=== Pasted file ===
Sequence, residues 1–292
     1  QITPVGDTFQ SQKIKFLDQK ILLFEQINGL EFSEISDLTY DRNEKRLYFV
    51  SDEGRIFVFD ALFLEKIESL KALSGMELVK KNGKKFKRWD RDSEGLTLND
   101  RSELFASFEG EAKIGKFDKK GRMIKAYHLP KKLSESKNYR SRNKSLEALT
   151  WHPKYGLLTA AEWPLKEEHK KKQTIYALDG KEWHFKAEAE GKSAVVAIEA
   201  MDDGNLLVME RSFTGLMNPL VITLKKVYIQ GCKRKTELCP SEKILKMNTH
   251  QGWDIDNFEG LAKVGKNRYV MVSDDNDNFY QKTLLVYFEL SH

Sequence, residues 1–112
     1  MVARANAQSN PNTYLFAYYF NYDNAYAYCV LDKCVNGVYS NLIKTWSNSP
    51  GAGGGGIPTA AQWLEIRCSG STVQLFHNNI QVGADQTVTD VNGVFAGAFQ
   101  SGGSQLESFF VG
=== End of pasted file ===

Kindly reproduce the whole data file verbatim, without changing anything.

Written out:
Sequence, residues 1–292
     1  QITPVGDTFQ SQKIKFLDQK ILLFEQINGL EFSEISDLTY DRNEKRLYFV
    51  SDEGRIFVFD ALFLEKIESL KALSGMELVK KNGKKFKRWD RDSEGLTLND
   101  RSELFASFEG EAKIGKFDKK GRMIKAYHLP KKLSESKNYR SRNKSLEALT
   151  WHPKYGLLTA AEWPLKEEHK KKQTIYALDG KEWHFKAEAE GKSAVVAIEA
   201  MDDGNLLVME RSFTGLMNPL VITLKKVYIQ GCKRKTELCP SEKILKMNTH
   251  QGWDIDNFEG LAKVGKNRYV MVSDDNDNFY QKTLLVYFEL SH

Sequence, residues 1–112
     1  MVARANAQSN PNTYLFAYYF NYDNAYAYCV LDKCVNGVYS NLIKTWSNSP
    51  GAGGGGIPTA AQWLEIRCSG STVQLFHNNI QVGADQTVTD VNGVFAGAFQ
   101  SGGSQLESFF VG